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Bonenkai: The Office Night Out

As the holiday season approaches, we offer a little guide to the year-end staff parties.

By 4 min read 3

With the arrival of chilly weather, the sniffles, “warm biz” attire and USB plug-in electric blankets; the end of the year also comes with that other great Japanese office tradition: the bonenkai, or “year end party.”

The actual nature and timing of the parties varies depending on your place of work and company budget. From my experience teaching (and given the way in which teachers here work extremely hard putting in long hours, often leaving themselves with little or no private life) the bonenkai is often seen as a prime opportunity for schools to really push the boat out, as it were, and go for a huge and expensive party.

Last year, my old school held its party in the famous Maru Building near Osaka station. The year before that, it was on the top floor of the stunning Bay Tower Hotel with a panoramic view across Osaka Bay. The common theme is that these are expensive nights out, but most definitely worth every yen.

How much?

Depending on your situation, the night out may already be paid for by the company or there may be a monthly fund to which all the staff in your division contribute. However, in the case of most native English teachers, it doesn’t always work that way — so be prepared to shell out between ¥5,000 to ¥10,000 for the event. This may seem steep, but it usually includes several courses of top-notch food and nomihodai (all you can drink) for at least a few hours. This won’t be happy hour, izakaya fare either, but proper food and drink. Fresh sushi, roasted meats and vegetables, as well as other entrées, all washed down with free-flowing wines, spirits and even champagne.

What happens?

So, how does a bonenkai usually play out? Again, this varies depending on the venue, but they do tend to lean towards the formal side of things.

You should prepare your best suit (or in my case, dust off the kilt!).

Seating will, most likely, be pre-arranged, so be sure to check the seating chart on your way in. Things can seem a bit stiff and serious at first, but once the party gets going you’ll be amazed at how quickly everyone relaxes.

And now for some of the formalities.

The party will officially begin with an address and toast from your boss or department head. Good etiquette is to not eat or drink anything until the first kanpai (cheers) has been called. Once that first communal toast has completed, you are free to get stuck into all the food and drink on offer.

At this point, though, you will notice a number of your colleagues suddenly picking up bottles of beer and beginning to circle the room. You could be forgiven for wondering just what the heck is going on at this point.

This is just one of the many rituals at these kinds of parties to which— if you wish to have long-term success living in Japan — you will have to become accustomed. Your colleagues are seeking out those to whom they feel indebted: bosses, colleagues or subordinates whom they feel have been a great help to them throughout the year. They will then offer that person a drink, thank them for their efforts over the past year and engage them in small talk for a few minutes before moving on to their next target.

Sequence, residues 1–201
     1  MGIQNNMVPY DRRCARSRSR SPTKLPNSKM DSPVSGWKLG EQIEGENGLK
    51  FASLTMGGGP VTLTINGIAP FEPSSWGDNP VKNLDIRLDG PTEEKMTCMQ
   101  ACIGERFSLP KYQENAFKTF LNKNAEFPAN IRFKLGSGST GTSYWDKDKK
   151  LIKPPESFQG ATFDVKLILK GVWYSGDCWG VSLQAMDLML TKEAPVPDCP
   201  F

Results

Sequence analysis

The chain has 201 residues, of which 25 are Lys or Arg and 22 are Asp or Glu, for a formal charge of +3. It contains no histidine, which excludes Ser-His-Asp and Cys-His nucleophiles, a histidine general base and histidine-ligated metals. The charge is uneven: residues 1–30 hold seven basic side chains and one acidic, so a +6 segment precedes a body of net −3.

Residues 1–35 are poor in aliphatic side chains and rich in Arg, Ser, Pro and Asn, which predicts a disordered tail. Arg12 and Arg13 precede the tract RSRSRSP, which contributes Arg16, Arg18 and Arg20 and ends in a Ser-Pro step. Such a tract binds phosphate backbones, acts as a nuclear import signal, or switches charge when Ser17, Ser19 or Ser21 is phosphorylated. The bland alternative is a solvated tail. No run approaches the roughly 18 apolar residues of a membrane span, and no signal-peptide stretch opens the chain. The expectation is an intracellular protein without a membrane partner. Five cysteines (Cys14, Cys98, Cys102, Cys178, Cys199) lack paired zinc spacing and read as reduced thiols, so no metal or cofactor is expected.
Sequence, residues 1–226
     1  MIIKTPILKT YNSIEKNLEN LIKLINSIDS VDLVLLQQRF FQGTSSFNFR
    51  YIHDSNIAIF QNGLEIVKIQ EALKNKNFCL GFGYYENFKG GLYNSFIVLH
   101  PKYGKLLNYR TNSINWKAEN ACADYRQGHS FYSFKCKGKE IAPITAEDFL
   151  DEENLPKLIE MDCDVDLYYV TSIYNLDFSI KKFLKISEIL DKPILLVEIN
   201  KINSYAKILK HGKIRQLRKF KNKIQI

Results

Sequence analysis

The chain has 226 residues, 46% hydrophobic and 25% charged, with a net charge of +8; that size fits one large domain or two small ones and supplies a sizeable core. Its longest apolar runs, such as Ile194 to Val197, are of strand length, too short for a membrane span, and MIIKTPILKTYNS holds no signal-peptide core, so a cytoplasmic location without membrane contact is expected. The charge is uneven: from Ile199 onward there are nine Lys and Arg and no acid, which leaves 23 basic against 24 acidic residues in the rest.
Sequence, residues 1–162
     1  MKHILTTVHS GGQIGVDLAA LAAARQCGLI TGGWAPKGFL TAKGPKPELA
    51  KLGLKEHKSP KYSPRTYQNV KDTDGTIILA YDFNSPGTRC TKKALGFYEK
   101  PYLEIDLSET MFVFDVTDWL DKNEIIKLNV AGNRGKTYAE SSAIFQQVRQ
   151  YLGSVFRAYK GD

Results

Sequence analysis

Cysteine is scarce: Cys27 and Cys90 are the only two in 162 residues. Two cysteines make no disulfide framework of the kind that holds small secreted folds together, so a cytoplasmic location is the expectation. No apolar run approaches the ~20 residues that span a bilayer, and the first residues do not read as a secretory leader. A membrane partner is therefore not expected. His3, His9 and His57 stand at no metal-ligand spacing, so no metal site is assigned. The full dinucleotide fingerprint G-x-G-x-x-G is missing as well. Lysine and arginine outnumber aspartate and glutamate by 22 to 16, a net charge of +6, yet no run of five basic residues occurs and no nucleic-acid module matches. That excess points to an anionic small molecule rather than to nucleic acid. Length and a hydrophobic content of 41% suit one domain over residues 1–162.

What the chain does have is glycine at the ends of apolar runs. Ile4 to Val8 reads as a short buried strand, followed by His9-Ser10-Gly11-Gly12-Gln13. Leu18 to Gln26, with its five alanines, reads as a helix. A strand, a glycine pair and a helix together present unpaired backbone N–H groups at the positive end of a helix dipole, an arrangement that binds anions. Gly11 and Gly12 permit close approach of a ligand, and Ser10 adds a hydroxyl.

In doing this, as an English teacher, I always make a point of seeking out my principal, vice-principal and Japanese teachers of English (JTEs) before anyone else. Yes, it may seem a bit like “brown-nosing,” but it is an important custom here in Japan. Over the course of the evening, you can expect these people to seek you out, too, and reciprocate.

The Nijikai

Things can then sometimes take a turn for the chaotic near the party’s official conclusion, as guests move on to the nijikai (second party). This is when your coworkers will break off into smaller groups and head to another venue — most usually an izakaya or a karaoke bar — to continue the party. By this point, everyone is quite drunk and it can be really funny, if somewhat shocking, to see your usually reserved colleagues cutting loose in such a big way.

Nothing beats watching your boss, with his tie around his head like Rambo, rapping along to Eminem in broken, heavily accented English as everyone else merrily claps along, completely oblivious to what any of the lyrics actually mean.

It goes without saying that you should be careful not to overdo it yourself, but if handled properly, these nights are a great laugh and there are few better ways to get to know your associates.

Now, if someone can just help me find some Irn-Bru, Scotland’s other national drink — and legendary hangover remedy — somewhere in Japan, I think I’m going to need some after this year’s party!

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  • Walter says:

    What do your colleagues think about your kilt as formal attire? Complete with sporan, I suppose. What about the dagger in your socks — that is probably not allowed in japan.

    • Liam Carrigan says:

      my colleagues think its pretty cool, in fact last year one of them asked how he could order the same outfit for his wedding.
      the dagger (skinh dubh) that i wear is ornamental and so far none of the restaurants have had an issue. i wouldnt try wearing it in a busy bar or club though. but for formal settings its fine.

  • Chris McChesney says:

    Great information. Thank you for sharing



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